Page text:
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Scientists investigate death of 10,000 endangered 'scrotum' frogs in Peru published by nherting
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Scientists investigate death of 10,000 endangered 'scrotum' frogs in Peru

current events

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News Article by nherting. Article Location: Peru

   

Scientists are investigating the mysterious deaths of at least 10,000 endangered frogs, in a river which leads into South America’s most famous lake on Peru’s border with Bolivia.

The dead Titicaca water frogs were found along a 50km (30 mile) stretch of the Coata river, a tributary which flows into the 8,372 sq km Lake Titicaca, according to Peru’s wildlife and forestry service Serfor.

Researchers are trying to find out what killed the amphibians in such numbers. The Titicaca water frog (Telmatobius culeus) is listed as critically endangered by the IUCN red list on threatened species, and is endemic to the lake.

The world’s largest aquatic frog, weighing up to two pounds, has large folds of skin, which give it a wrinkly appearance – it is jokingly referred to as the Titicaca scrotum frog. The skin increases its surface area so the amphibian can absorb more oxygen.

Roberto Elias, Peru programme manager for US-based Denver Zoo, who has been studying the frog since 2010, said only toxins could have caused such “high mortality so quickly”.

Previous studies had shown high levels of heavy metals in the lake caused by mining tailings from both formal operations and illegal gold mining in surrounding rivers, he said. They include lead, cadmium, mercury, arsenic, iron and zinc.

“Villagers had been cleaning garbage from the river which may have disturbed the sediments,” Elias added, although he stressed post-mortem studies on the frogs had not yet been completed.

Other pollution factors are raw sewage due to a lack of sewage treatment plants and pesticides from agriculture surrounding the world’s highest navigable lake, he said.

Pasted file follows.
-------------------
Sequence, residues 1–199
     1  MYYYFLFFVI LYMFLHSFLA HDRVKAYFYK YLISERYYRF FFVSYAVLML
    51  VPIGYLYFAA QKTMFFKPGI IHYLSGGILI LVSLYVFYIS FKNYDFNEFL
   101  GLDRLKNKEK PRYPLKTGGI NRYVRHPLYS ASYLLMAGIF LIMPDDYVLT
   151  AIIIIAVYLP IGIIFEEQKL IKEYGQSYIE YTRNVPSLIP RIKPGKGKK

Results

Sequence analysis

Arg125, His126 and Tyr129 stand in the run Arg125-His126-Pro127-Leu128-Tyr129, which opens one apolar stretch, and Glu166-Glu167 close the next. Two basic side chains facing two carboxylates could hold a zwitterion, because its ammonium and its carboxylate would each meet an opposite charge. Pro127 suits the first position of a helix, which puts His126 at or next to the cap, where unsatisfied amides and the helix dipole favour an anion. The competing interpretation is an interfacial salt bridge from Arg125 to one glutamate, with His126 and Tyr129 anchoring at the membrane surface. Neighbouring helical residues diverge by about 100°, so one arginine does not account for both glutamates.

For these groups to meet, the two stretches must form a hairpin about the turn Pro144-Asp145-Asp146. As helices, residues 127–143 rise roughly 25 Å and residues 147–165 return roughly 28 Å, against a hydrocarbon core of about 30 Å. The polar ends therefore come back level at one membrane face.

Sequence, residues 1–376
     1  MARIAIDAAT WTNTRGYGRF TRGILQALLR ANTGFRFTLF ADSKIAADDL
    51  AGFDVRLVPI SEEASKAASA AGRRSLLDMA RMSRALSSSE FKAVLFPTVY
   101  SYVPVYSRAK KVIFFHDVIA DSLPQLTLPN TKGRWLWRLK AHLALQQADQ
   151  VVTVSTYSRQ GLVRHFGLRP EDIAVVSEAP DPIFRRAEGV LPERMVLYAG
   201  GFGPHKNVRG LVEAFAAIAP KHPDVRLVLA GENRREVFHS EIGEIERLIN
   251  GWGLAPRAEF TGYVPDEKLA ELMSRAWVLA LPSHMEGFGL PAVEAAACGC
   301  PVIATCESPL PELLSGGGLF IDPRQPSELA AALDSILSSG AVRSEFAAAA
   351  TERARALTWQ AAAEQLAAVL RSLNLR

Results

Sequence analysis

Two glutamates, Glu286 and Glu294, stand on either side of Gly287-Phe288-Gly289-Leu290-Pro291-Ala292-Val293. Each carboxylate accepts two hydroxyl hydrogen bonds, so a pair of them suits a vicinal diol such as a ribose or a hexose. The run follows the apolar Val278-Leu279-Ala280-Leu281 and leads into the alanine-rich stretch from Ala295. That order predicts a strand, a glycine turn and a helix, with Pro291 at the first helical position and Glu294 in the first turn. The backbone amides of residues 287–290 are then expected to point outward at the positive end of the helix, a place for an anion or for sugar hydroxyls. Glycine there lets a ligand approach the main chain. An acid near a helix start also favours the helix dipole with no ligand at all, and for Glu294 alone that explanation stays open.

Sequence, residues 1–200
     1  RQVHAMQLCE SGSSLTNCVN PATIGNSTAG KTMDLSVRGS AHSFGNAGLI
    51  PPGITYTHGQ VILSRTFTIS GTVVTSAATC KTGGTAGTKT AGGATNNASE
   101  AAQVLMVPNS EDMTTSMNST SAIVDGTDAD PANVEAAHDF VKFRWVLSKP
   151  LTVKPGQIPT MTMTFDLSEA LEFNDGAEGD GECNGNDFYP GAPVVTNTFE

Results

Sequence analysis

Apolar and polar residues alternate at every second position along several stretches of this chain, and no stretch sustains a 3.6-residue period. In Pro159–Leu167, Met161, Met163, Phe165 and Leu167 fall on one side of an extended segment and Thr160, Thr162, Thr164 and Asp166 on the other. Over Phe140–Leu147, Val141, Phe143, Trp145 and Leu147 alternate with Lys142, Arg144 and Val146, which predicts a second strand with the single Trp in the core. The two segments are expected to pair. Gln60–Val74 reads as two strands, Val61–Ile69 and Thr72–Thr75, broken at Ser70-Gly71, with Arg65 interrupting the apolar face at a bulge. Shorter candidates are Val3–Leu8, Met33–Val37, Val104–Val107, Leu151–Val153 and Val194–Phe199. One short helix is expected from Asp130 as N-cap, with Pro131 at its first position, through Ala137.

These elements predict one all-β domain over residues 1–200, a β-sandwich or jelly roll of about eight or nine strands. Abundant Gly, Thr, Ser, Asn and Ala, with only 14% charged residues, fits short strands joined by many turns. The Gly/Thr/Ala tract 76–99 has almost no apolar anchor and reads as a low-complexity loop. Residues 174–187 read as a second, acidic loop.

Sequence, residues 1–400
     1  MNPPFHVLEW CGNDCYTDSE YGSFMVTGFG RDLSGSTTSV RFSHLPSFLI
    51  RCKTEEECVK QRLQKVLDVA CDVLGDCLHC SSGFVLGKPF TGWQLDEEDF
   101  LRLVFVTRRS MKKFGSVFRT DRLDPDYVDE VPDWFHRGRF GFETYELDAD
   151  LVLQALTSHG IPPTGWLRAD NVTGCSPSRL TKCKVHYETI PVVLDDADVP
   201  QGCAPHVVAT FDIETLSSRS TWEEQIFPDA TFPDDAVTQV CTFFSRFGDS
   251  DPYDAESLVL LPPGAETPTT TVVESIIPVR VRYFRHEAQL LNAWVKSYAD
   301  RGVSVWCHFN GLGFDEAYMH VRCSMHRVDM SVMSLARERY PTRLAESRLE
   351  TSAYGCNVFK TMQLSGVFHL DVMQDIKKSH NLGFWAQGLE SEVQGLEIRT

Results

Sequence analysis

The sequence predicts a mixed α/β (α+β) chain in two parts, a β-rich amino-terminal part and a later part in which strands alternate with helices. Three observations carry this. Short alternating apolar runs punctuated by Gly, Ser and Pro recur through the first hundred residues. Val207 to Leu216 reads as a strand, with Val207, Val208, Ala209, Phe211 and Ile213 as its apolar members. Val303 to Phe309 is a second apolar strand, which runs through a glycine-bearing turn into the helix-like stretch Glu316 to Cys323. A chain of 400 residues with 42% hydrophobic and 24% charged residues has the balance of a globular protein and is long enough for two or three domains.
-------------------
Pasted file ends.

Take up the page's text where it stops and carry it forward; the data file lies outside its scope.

Local anti-pollution campaigner Maruja Inquilla Sucasaca, took 100 dead frogs to the main square in the regional capital Puno, to draw the situation to the attention of the authorities.

“No one took the pollution problem seriously until I showed them the dead frogs,” she told the Guardian.

“Lake Titicaca used to be a paradise, now we can’t use the water and our livestock die if they drink it,” said Inquilla, who is vice president of the local committee against the contamination of the Coata river.

“Untreated sewage is being pumped into the lake from the big towns and the authorities don’t care,” she said crying with frustration.

Last October Inquilla accused the mayor of the Coata district of delaying a plant to treat the river water contaminated by sewage emitted by the region’s most populous city, Juliaca.

Pollution is not the only threat to the endangered frog. They are also hunted and eaten in regional dishes or transported to Lima and other cities as part of Peru’s illicit wildlife trade because they are believed to have aphrodisiac properties.

The IUCN red list says the frog has declined in numbers by more than 80% over the last three generations, due to over-exploitation, habitat degradation and invasive species.

Trout, which is not native to the lake, have been introduced and eat the frog’s eggs and tadpoles, says Elias.

“The threat is much higher and the examples of the species we find are much smaller. If this trend continues they could disappear,” he added.

   

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